November 30, 2015

Article: ‘As We May Digitize’ — Institutions and Documents Reconfigured


‘As We May Digitize’ — Institutions and Documents Reconfigured


Mats Dahlström
Swedish School of Library and Information Science, University of Borås, Sweden

Joacim Hansson
Department of Library and Information Science, School of Cultural Sciences, Linnaeus University, Växjö, Sweden

Ulrika Kjellman
Department of ALM, Uppsala University, Sweden


LIBER (Journal of European Research Libraries)
Vol. 21 (2012) No. 3/4


This article frames digitization as a knowledge organization practice in libraries and museums. The primarily discriminatory practices of museums are compared with the non-discriminatory practices of libraries when managing their respective cultural heritage collections. Digitization of cultural heritage brings new practices, tools and arenas that reconfigure and reinterpret not only the collections, but the memory institutions themselves as well as the roles they respectively play on a societal level. The development of digitization promises to bridge some gaps between libraries and museums, either by redefining their respective identity, or by forming new ground where the interests of the respective institutions naturally meet or even converge, or by neglecting particular tasks and roles that do not seem to find a natural home in the new territory. Two poles along a digitization strategy scale, mass digitization and critical digitization, are distinguished in the article. As memory institutions are redefined in their development of digitized document collections, e.g., by increasingly emphasizing a common trans-national rather than national cultural heritage, mass digitization and critical digitization represent alternative avenues. Museums, libraries and archives (MLA) endeavour aiming for joint tools and practices in digitizing cultural heritage collections need a thorough understanding of such mechanisms. The article re-contextualizes current digitization discourse: a) historically, by suggesting that digitization brings ancient practices back to life rather than invents entirely new ones from scratch; b) conceptually, by presenting a new label (critical digitization) for a digitization strategy that has hitherto been downplayed in digitization discourse; and c) theoretically, by exploring the relations between the values of different digitization strategies, the reconfiguration of collections as they are digitized, and the redefinition of MLA institutions through those processes. The arguments in the article are drawn from examples of digitization in different library contexts on both a national (Swedish) level and a European level.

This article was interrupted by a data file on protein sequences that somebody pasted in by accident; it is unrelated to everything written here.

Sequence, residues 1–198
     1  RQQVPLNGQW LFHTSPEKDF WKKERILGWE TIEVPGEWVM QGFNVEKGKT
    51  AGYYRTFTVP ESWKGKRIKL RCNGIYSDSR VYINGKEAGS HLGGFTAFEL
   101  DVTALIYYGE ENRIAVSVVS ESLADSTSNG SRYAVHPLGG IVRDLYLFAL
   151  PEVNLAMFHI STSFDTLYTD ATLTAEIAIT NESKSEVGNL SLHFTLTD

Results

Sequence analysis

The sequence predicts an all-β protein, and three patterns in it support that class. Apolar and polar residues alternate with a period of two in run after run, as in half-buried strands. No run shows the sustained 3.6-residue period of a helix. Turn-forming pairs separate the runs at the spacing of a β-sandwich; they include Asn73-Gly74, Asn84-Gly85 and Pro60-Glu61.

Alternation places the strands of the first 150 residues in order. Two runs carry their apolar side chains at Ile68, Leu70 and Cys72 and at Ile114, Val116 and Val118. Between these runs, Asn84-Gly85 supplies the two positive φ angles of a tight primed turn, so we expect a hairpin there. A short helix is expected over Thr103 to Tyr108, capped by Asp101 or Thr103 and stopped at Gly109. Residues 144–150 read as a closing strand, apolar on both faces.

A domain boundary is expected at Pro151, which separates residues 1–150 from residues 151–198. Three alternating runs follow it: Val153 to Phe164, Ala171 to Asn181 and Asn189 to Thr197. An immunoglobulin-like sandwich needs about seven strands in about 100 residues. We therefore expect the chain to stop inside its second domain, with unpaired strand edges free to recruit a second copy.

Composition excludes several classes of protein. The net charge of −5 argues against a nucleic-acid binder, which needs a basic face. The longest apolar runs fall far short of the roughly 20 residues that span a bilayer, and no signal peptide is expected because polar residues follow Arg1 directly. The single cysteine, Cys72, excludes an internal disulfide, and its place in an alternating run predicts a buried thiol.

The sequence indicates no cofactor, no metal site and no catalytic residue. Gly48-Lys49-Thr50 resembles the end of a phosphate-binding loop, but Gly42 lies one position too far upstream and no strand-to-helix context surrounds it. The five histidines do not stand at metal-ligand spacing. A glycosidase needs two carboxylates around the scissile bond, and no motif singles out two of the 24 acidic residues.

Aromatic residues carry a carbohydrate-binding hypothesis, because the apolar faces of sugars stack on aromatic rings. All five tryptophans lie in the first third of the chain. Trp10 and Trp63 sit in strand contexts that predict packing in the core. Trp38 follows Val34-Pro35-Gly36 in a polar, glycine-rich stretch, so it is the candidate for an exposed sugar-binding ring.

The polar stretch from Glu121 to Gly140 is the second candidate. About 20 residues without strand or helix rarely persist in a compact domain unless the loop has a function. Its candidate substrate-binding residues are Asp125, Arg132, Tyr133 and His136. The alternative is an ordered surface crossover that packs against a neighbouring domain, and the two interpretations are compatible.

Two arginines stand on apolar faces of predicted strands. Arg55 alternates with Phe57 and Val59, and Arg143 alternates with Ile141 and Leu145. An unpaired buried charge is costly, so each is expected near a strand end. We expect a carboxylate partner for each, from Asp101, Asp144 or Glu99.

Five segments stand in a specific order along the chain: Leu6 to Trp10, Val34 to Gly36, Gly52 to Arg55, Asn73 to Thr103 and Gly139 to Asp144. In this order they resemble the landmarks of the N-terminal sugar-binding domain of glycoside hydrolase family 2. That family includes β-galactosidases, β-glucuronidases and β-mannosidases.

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Gary Price About Gary Price

Gary Price ( is a librarian, writer, consultant, and frequent conference speaker based in the Washington D.C. metro area. Before launching INFOdocket, Price and Shirl Kennedy were the founders and senior editors at ResourceShelf and DocuTicker for 10 years. From 2006-2009 he was Director of Online Information Services at, and is currently a contributing editor at Search Engine Land.

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